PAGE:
Mental health nurses support a person’s recovery to gain increased control over their conditions to establish trusting and effective relationships. They promote health and wellbeing through personalised treatment to improve the quality of their patient’s lives. They work in a multidisciplinary team, using evidence-based practice.
Mental health nurses work with a wide range of conditions to help to improve patient’s health and overall quality of life, where possible.
This relates to a range of substance misuse, it is possible to be addicted to anything. You may work with people with drug, alcohol, gambling, smoking, work, internet, solvent or shopping addictions.
This can have a debilitating effect on an individual’s day to day life. They may suffer from occasional anxiety or from repeated episodes that can be difficult to control. Some disorders you may work with include generalised anxiety, social anxiety, specific phobias or separation anxiety.
Depression can affect people in many ways. Mental health nurses work with people who may be majorly depressed, have melancholy, suffer from Seasonal Affective Disorder and many more.
Mental health nurses work with people with anorexia nervosa, bulimia and binge eating disorder, OSFED, ARFID to help people create better relationships with food.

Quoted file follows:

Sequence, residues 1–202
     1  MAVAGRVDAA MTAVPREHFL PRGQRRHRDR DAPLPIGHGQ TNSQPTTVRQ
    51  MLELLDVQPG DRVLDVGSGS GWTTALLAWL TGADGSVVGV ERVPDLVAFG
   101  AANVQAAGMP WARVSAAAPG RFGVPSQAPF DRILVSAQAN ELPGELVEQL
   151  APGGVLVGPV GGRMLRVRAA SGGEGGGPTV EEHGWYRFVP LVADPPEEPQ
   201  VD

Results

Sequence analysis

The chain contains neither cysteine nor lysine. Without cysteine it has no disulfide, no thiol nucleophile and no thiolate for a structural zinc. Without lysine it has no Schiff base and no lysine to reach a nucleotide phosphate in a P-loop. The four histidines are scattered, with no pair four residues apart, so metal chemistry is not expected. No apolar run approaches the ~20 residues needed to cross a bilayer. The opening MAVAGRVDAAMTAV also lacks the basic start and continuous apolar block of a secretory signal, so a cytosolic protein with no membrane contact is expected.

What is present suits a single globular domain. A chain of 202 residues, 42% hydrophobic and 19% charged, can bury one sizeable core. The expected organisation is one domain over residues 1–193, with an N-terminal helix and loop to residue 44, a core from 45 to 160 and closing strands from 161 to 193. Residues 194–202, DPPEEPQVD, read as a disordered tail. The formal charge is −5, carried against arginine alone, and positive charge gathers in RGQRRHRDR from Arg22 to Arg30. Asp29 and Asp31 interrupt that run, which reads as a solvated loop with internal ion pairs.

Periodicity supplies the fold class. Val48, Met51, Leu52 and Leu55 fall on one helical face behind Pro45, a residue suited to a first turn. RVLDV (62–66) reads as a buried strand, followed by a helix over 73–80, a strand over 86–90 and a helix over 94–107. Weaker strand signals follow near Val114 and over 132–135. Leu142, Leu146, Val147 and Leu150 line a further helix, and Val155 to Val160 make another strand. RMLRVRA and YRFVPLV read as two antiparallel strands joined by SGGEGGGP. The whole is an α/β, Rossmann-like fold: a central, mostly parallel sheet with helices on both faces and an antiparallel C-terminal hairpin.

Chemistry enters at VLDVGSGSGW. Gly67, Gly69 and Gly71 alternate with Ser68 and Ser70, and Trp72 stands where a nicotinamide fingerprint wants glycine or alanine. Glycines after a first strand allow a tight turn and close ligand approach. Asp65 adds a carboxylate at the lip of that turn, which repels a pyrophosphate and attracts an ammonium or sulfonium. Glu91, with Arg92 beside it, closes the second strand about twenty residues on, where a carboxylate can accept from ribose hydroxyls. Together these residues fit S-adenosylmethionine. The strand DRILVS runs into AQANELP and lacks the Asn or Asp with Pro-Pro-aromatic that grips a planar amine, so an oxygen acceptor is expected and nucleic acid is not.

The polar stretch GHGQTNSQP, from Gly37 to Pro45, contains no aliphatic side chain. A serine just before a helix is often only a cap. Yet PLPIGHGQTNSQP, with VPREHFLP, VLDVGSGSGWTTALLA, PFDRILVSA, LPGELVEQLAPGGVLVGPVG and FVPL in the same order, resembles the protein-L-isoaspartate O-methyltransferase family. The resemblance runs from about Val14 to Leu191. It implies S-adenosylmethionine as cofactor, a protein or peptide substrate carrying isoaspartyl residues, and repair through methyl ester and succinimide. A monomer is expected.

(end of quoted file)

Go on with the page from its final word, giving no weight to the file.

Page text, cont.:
Someone with a personality disorder thinks, feels, behaves or relates to others very differently from the average person. Some disorders you might encounter include paranoid, schizoid, antisocial, borderline, dependent and many more.
Mental health nurses work with a wide range of people that may be suffering from a form of OCD. Some of the most common conditions include excessive cleaning, checking, counting, ordering, arranging, hoarding and many more.
This condition is triggered by a terrifying event for a person that has either experienced or witnessed it. Symptoms can include flashbacks, nightmares, severe anxiety and uncontrollable thoughts.
Perinatal mental health issues
This relates to problems experienced right after and up to a year after the birth of a baby, and can affect both parents. Mental health nurses work with those suffering from postnatal depression and other conditions, to support new parents.
Mental health nursing is a broad discipline, you could work with people and children of all ages such as:
- people who may be suicidal
- people who may be isolated
- people who may be vulnerable
- people who may be homeless
- people who may be from minority communities
- people who may be encountering relationship difficulties
- people with legal or financial problems
- people who are in poverty
- people with pre-existing medical conditions
- people who are unhappy
- people who may be experiencing family conflicts.
Within the nursing profession there are a multitude of job opportunities. You could work in the NHS, within the public or private sector. For example:
- NHS hospitals
- Public health and policy making
- Patient’s homes
- Outpatient units
- Private practice
- GP surgeries
- Armed Forces
- Specialist units
- Secure residential units
- Community centres
- Education and academia
- Leadership roles
- Voluntary roles